2013 c£230,000 EU Marie Curie outgoing Fellowship (2014-2016) for Dr Johan Oldekop to work in my group.

2013 c£30,000 ESRC Interdisciplinary Exchanges: Natural Resource Management in the 21st Century (2013-2015).

2012 Funding for two PhDs to study the impacts of climate change on wildlife in the Middle East.

2012  £25,000 from Wildlife Acoustics to investigate the use of audio recorders to survey birds.

2012 £60,000 from Langholm Demonstration Project for PhD on the impacts of buzzards on red grouse. 

2011 "Effects of wind turbines on birds" (PhD part funded by WPA).   

2011-13 £136,000 - "MAPISCO - developing a method for species prioritisation".

2010 RELU grant "Collaboration in agri-environment schemes" (£140k) joint with Dr Jeremy Franks.

2010 NERC studentship "Galliforme conservation in the Himalayas" in collaboration with World Pheasant Association.

2009 4 year DEFRA grant (£700,000 - £176k to Newcastle) to investigate the extent of soil compaction in England and Wales and how it can be potentially be remediated to benefit birds and soil invertebrates.

2009 NERC grant entitled "Estimating the independent effects of different components of organic farming on biodiversity". (£82,000).

2008 NERC studentship departmental quota award - Climate change and bird demography started 1st October 2008 (funded for 3.5 years).

2008 £40,000 from Natural England towards PhD project on kestrels.

2007 £4752 - Catherine Cookson Foundation Grant 'Why do birds prefer organic food?'.

2006 £5000 - Award from BSG for work on windfarms and farmland birds.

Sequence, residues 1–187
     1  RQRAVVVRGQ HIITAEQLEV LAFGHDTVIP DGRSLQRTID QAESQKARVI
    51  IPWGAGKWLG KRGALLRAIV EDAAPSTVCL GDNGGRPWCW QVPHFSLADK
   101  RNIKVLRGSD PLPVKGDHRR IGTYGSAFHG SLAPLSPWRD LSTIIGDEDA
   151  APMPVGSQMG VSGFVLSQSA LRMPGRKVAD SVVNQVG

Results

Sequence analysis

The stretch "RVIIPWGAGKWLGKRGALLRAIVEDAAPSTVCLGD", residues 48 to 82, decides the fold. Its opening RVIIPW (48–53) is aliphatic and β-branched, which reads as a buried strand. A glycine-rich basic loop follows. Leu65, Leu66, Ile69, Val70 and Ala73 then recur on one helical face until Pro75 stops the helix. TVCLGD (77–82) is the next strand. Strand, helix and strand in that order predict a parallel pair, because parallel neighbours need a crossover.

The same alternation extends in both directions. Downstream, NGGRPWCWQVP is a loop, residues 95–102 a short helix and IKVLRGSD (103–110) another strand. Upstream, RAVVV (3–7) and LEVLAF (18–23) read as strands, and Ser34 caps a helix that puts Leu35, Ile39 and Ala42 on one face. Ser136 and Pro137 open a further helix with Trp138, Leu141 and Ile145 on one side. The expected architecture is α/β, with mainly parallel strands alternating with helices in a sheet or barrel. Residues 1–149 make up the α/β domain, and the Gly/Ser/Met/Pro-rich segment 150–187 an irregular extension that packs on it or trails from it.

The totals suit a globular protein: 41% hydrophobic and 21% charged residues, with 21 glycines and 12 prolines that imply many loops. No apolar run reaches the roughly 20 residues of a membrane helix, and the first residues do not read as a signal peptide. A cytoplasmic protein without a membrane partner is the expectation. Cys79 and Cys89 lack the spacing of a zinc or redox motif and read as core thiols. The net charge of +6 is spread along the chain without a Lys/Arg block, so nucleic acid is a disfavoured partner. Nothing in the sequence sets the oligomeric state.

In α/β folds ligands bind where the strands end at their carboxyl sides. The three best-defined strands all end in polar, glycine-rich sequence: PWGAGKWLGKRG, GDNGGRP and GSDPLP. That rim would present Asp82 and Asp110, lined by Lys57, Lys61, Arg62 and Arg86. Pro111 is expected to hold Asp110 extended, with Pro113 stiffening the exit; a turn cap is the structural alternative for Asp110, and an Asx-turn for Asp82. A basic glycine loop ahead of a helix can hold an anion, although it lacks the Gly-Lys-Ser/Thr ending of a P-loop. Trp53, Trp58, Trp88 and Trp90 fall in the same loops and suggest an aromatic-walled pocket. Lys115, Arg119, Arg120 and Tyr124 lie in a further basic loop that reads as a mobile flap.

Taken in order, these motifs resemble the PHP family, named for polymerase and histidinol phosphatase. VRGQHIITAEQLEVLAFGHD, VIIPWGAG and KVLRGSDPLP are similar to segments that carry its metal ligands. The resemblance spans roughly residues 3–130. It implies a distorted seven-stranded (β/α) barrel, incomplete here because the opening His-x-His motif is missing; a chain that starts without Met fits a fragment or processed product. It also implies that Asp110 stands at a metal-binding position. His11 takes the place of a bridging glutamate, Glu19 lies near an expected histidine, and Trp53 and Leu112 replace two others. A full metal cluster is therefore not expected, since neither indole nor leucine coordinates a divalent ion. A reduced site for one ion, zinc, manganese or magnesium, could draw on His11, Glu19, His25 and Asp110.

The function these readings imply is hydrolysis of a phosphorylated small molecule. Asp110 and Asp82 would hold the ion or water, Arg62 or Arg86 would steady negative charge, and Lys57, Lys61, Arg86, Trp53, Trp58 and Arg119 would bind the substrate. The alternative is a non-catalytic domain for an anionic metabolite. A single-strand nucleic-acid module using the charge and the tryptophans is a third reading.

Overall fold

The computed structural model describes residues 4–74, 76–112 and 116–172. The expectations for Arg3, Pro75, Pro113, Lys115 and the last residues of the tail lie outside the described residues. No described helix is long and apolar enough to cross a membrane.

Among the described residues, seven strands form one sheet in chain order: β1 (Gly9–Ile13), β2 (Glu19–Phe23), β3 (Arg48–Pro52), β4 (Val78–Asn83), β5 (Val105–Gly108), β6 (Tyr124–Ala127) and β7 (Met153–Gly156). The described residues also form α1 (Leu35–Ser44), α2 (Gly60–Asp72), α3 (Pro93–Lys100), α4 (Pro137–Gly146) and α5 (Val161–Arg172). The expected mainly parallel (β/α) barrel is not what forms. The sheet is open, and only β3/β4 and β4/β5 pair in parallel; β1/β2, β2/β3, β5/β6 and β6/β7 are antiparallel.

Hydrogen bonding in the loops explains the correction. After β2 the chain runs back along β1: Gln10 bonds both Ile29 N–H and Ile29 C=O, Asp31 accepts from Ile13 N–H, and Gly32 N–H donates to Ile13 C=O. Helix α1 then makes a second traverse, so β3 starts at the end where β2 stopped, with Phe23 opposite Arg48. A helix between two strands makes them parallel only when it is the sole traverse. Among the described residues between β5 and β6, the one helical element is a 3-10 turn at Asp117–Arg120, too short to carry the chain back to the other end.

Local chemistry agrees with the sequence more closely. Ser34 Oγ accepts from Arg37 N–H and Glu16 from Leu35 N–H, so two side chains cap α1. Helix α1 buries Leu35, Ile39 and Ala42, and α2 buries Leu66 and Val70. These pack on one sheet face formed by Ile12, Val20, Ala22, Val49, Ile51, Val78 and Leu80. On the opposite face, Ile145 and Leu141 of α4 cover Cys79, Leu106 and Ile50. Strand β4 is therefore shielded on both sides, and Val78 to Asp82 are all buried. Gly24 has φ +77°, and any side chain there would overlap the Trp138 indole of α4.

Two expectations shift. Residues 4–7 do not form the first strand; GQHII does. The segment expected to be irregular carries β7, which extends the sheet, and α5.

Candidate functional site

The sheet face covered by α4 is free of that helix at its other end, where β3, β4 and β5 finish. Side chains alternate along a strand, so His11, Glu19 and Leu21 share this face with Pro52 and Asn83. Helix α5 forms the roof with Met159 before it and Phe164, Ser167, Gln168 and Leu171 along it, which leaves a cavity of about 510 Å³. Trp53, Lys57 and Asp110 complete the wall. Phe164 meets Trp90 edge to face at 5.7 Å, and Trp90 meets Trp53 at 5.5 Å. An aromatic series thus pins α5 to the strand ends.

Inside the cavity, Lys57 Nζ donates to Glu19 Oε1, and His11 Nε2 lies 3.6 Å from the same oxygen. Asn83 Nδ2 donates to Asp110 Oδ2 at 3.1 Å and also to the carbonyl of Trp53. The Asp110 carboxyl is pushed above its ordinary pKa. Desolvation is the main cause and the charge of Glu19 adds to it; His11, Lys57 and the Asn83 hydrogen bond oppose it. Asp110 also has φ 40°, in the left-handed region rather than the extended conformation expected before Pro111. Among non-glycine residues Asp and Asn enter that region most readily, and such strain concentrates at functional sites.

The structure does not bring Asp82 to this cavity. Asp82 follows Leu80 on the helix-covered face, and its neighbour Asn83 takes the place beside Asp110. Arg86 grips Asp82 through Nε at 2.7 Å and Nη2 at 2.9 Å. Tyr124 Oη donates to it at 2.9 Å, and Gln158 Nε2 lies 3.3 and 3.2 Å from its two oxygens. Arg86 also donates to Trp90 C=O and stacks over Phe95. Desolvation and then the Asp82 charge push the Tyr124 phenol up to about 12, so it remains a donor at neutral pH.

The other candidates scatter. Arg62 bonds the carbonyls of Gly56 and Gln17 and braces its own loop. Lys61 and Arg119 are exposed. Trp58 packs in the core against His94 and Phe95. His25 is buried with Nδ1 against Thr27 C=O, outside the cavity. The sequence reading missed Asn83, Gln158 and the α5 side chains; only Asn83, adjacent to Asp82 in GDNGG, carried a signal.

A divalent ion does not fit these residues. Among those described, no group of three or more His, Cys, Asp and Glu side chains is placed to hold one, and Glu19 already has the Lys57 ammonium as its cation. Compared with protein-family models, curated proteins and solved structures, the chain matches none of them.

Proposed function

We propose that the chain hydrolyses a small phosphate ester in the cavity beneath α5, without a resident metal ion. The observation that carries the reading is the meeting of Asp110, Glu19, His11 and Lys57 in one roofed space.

2006 £10,000 - Award from English Nature for pilot project on kestrels.

2005 £2200 – Awarded by RSPB for pilot project on stubble management.

2005 NERC CASE studentship with BTO.

2004 £361,000 - Awarded a 5-year BBSRC David Phillips Fellowship. This paid my salary for 5 years (£204,000) and came with a tied grant of £157,000.

2001-4 Jointly awarded 3 DPhil studentships (1 from NERC and 2 from BBSRC) with Sir John Krebs, two from October 2001-2004 and one from October 2003-2006.

2000-3 Involved with two PhD projects and the setting up of a research institute in Nigeria in collaboration with Dr Will Cresswell. This project has so far raised in excess of £150,000.

2001 £230,000 awarded by BBSRC in for three-year project entitled “Testing the trans-situationality of bird-habitat models in agricultural landscapes” (I wrote the proposal and Sir John Krebs was Principal Investigator).

1999 £6000 from English Nature for project entitled “The effect of field margin management on foraging by breeding yellowhammers”.

1999 £750 from the Royal Society to attend a conference in Utah, USA.

1998 £35,000 from the European Commission for EU database work.

1996 £1500 from English Nature for project entitled “Population dynamics of golden plover”.

1991 Awarded £400 travel scholarship by the University of East Anglia for Mexico expedition.

 

Undergraduate Teaching

BIO 1010: Biology In Action.

BIO2020: Experimental Design and Statistics for Biologists (Module Leader).

BIO 2003: Field Identification Skills (Leader of Autumn Bird ID course).

BIO 3194-6: Honours research and other projects.

BIO 3012: Conservation Biology Issues.

BIO8095. Ecological Consultancy Research Projects.

Postgraduate Teaching

Degree Programme Director (Ecological Consultancy).

4-5 Masters student research projects per year.

6 PhD students (5 as main supervisor, 1 co-supervised).